The past week has seen us make slow progress with work on hole 5. Bad weather, staff shortages and even a break-in at the greenkeeping complex have resulted in progress being slowed on the job that we had expected to have finished by now. So far we have completed the revetting work on the first two bunkers and around three quarters of the turfing has been carried out.

Some comments have been received about the depth and steepness of the revetted faces of the bunkers. I will deal with the depth issue first; sand still needs to be added to the new bunkers to bring it up to the finished level. In the case of the 2nd left hand bunker this amounts to a lot of material as this bunker floor is being raised by about a foot making the step in at the back of the bunker no more than about 10 inches. With regard to the steep angle of the revetted face, there have been requests to construct these at a 45 degree angle to the bunker floor. This would be inappropriate, revetted greenside bunkers should have an angle of between 60 and 70 degrees. This figure is arrived at for a number of reasons - it lessens the chance of sand coming to rest on the bunker face which ultimately kills the turf, it lessens the chance of a golf ball coming to rest on the bunker face which is a nightmare for golfer and greekeeper alike, it ensures that sand movement within the bunker is minimised as more protection is offered from the wind and finally a 60 degree angle of bunker face creates an appropriate penalty to the errant shot. The player always has the option of playing out of the bunker sideways or backwards if they feel unable to tackle the "steep" face directly.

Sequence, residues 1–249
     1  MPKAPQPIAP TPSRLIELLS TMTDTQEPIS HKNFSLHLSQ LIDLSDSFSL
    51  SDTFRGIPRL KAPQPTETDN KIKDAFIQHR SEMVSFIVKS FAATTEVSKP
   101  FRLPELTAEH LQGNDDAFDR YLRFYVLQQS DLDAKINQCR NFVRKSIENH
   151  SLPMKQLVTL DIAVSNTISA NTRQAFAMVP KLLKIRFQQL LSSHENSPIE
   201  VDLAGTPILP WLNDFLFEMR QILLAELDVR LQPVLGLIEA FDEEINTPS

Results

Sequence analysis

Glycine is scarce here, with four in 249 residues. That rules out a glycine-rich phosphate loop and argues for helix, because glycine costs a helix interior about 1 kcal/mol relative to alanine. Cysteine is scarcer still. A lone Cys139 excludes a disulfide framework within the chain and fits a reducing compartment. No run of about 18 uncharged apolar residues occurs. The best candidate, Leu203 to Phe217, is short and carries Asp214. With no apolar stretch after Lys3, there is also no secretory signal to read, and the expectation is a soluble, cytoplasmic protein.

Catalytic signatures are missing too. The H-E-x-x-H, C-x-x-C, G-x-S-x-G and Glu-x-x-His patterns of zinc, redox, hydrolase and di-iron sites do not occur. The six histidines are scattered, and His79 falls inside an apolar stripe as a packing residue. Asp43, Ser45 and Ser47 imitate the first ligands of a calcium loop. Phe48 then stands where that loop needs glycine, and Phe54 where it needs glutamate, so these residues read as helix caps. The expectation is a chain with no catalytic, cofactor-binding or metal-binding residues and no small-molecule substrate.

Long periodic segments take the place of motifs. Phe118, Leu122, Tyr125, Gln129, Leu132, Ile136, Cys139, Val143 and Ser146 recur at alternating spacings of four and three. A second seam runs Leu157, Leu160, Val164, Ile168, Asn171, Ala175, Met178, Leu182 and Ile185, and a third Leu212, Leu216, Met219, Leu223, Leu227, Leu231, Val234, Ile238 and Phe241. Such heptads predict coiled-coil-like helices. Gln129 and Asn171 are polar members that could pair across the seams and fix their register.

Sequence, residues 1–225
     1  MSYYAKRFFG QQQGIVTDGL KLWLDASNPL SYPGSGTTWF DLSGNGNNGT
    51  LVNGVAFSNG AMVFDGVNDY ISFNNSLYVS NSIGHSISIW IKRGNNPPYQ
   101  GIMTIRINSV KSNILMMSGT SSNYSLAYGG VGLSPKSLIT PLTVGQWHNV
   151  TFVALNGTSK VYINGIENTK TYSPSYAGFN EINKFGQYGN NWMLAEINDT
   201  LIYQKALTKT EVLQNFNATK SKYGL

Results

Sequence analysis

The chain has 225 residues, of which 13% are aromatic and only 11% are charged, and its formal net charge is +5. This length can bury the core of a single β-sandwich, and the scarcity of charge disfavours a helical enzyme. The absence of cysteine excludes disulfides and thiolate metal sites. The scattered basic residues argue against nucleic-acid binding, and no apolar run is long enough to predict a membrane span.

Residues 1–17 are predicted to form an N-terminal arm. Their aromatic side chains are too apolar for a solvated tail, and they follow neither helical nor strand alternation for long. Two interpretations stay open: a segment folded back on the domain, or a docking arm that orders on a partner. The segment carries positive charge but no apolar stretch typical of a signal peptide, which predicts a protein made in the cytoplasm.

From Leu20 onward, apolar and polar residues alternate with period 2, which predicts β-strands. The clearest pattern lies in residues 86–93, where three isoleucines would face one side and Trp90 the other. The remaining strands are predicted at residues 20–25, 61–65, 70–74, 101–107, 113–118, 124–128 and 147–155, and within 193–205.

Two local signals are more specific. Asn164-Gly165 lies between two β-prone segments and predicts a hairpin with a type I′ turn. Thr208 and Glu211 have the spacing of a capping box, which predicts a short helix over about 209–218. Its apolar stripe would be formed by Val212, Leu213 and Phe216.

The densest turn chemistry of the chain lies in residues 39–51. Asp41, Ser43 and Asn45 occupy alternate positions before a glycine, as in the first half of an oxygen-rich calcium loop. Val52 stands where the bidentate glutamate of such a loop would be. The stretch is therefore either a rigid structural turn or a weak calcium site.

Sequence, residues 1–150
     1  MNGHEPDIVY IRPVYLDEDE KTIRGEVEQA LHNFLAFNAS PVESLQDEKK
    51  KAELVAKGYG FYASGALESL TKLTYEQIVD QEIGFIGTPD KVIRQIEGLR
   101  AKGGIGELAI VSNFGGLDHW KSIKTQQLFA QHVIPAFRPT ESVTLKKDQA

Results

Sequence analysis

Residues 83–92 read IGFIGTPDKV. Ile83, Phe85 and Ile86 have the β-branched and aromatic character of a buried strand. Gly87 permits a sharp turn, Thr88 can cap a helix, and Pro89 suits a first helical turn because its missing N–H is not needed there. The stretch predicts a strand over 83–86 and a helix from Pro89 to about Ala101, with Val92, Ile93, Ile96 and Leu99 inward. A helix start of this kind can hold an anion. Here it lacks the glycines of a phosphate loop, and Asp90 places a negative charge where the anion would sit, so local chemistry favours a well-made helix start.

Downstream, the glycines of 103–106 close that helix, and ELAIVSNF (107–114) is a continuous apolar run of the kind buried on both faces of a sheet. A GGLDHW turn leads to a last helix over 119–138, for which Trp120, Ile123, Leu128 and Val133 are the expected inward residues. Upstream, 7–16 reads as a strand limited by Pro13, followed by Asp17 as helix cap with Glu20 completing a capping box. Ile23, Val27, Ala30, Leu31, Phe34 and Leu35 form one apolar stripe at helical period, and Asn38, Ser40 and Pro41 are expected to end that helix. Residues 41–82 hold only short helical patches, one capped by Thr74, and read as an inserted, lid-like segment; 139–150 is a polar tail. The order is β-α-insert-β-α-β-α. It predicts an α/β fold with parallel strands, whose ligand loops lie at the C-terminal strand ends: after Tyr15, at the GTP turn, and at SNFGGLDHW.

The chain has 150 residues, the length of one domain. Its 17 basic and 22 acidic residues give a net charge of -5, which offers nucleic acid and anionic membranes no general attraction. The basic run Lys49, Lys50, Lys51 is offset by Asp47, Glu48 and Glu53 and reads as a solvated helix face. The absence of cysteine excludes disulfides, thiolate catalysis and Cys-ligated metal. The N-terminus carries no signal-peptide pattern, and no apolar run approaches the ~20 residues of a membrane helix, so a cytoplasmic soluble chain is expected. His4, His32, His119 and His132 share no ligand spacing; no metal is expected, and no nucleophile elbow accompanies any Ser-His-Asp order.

Wednesday, 10 November 2010

Monitoring Groundwater

Yesterday we were visited by two employees of the States of Jersey Environment Department, Environmental Protection Division. The purpose of the visit was to test the quality of the water in our boreholes and to ensure no contamination is taking place from pesticides or other chemicals. Testing is carried out twice each year and involves testing the water on site for pH, conductivity, temperature and alkalinity. Samples are then taken back to the lab for further microbiological and pesticide analysis.